Annenberg released a study last week on TV stations' commitment to candidate-centered discourse during the elections. Their conclusion: Don't blink.
Ironically, the coverage of politics after
the election was pretty good, noted Paul Taylor, the Washington Post
reporter-turned-advocate for greater political coverage on television. "Broadcast television did a good job." Certainly, he acknowledged, the unprecedented post-election battle for the White House was a better story than the battle before the election. "But they were committed; they stayed with it. I wish they had brought some of that to the campaign itself."
Criticism of TV's political coverage resurfaced last week when the survey-in which Taylor's Alliance for Better Campaigns participated-from the USC Annenberg School found less than a minute given to candidate discourse by most of the 74 TV stations studied in 58 markets. This was "barely enough time to clear your throat," said Martin Kaplan, associate dean and director of the school's Lear Center.
Released last week to only moderate coverage, the study may have been overshadowed by another report last week on television and sex. "Sex trumps politics," said one of the report's authors.
According to the report, stations that committed during the month before the election to a five-minute-per-night voluntary standard contributed much more airtime to the political discussion. The standard was pushed by an administration advisory committee, formed by then-Vice President Gore, on public-interest obligations in the digital age.
Yet it found only one station within its top-markets sample-Scripps-owned KNXV-TV Phoenix-that met or exceeded the five-minute average. A handful of others, including Scripps stations WPTV(TV), Palm Beach, Fla.; WCPO(TV), Cincinnati; and KJRH-TV Tulsa, Okla., and Capitol Broadcasting's WRAL-TV Raleigh, N.C., averaged approximately three minutes.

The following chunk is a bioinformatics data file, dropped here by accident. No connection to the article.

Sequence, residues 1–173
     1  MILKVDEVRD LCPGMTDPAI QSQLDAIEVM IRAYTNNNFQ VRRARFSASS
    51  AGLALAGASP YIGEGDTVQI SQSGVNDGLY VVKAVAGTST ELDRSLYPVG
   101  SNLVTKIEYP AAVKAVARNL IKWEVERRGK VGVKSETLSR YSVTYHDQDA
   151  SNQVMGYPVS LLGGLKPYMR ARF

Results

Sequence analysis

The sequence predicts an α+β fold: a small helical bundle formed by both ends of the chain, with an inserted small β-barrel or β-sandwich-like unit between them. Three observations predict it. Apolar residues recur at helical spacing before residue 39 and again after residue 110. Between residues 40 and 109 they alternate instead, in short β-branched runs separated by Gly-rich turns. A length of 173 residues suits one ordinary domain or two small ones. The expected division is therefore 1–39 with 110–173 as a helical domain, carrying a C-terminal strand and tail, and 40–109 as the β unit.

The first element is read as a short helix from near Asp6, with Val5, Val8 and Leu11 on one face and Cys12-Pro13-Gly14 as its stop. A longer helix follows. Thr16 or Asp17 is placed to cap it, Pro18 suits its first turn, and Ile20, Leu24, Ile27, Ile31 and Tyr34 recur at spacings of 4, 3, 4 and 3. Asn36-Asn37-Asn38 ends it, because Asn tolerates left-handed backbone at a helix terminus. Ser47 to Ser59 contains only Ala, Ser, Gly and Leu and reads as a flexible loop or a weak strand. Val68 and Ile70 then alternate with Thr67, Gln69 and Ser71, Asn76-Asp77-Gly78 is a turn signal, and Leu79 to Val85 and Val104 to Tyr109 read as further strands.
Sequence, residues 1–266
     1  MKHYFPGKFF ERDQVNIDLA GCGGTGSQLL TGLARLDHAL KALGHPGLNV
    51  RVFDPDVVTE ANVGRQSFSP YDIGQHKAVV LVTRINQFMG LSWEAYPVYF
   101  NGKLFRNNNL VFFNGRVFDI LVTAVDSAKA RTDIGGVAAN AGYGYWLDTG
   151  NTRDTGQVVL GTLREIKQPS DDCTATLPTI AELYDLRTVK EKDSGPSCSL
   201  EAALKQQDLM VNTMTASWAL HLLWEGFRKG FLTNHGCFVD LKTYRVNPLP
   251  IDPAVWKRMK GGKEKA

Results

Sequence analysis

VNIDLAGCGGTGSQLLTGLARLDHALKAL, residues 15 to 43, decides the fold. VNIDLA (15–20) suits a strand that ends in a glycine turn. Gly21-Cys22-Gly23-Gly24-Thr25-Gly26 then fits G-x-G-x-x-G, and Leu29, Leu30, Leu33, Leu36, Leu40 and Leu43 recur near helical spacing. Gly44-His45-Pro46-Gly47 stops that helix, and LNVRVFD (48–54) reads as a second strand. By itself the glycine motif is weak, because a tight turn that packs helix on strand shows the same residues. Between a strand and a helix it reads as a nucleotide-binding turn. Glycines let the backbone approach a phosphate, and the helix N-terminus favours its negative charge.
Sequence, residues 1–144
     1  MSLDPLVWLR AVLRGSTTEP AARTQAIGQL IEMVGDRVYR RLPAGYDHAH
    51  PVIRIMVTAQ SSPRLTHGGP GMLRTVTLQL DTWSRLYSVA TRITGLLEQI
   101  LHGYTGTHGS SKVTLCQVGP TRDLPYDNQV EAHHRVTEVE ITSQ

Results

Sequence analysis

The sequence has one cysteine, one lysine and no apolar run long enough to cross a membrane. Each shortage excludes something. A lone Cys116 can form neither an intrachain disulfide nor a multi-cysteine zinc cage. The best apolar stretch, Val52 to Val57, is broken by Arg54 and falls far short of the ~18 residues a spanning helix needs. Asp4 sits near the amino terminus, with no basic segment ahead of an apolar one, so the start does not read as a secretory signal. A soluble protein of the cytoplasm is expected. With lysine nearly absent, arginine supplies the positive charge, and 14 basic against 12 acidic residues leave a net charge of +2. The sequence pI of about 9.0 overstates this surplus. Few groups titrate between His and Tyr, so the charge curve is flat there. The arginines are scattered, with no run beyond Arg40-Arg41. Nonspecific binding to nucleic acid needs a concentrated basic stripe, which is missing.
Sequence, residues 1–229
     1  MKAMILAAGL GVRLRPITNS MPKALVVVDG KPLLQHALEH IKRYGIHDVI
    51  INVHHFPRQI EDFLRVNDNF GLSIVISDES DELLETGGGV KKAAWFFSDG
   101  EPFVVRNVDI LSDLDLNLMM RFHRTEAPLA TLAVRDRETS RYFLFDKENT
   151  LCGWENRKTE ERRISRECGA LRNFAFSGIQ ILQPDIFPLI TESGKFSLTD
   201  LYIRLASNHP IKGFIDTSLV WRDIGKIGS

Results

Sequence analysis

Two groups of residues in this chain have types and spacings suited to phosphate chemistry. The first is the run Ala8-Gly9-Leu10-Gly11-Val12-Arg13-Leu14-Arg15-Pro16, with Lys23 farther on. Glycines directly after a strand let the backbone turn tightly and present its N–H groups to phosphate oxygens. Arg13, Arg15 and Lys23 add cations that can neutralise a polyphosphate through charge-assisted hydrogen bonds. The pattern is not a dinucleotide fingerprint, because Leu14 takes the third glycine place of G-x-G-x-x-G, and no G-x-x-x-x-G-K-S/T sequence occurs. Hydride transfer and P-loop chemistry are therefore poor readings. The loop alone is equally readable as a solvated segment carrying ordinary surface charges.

Hearst's KCRA-TV Sacramento, Calif., and WCVB-TV Boston, NBC's WTVJ-TV Miami, and Scripps' WXYZ-TV Detroit did not come close to the five-minute suggested average, but the stations were cited for other quality efforts toward airing political news.
At the other end were Fox's WBRC-TV Birmingham, Ala.; Belo's KTVK-TV Phoenix and WVEC-TV Norfolk, Va.; WSOC-TV Charlotte, N.C.; and KWTW-TV Oklahoma City, which the study found averaged only seconds a night. "The TV industry did a great job of selling ads to candidates for public office," said Cindi Canary, director of the Illinois Campaign for Political Reform. "It's too bad TV stations didn't put the same level of effort into airing the views of candidates in local newscasts and specials."
Echoing comments from some of the stations rated low on the survey, National Association of Broadcasters spokesman Dennis Wharton said, "It's hard to take some of this research seriously when they ignore all the political candidates that appear on morning programs and early- afternoon local news. And they also don't count Sunday-morning political programs. They're only counting news programs that air between 5 p.m. and 11:30 p.m."
That, USC and Taylor said, is by design. "The study was pegged to the recommendation of the Gore commission," said Taylor. "That was quite specific. And between 5 o'clock and 11:30 is when you have the largest viewership."
Matt Hale, research director for the study, said that the study chose stations that had received the most money in political advertising. "The Gore Commission believed that there's a responsibility to cover politics in exchange for spectrum," he said. "You can also make the argument that there's also a responsibility if a station is getting all of these political dollars."
"We feel a deep disappointment," said Taylor, whose alliance includes former Presidents Gerald Ford and Jimmy Carter and news icon Walter Cronkite. "While the stations that said they would try to meet the standard did three times better [in providing airtime for politics] than stations that didn't even try, most of them only got halfway to the goal. Campaign 2000 saw the development of a world that was all ads and little news."
The Alliance for Better Campaigns is expected to release a survey soon that finds that the heavy ad spending for political candidates and issue advertising has negated the practice of stations' providing candidates with the lowest unit rate it offers to volume commercial advertisers.
With nearly three years before a national campaign heats up again, the Alliance will likely focus on legislative solutions to what it perceives as the campaign-coverage dilemma. On March 15, the Alliance will hold a conference in Washington keynoted by Sen. John McCain (R-Ariz.), the campaign-finance-reform champion.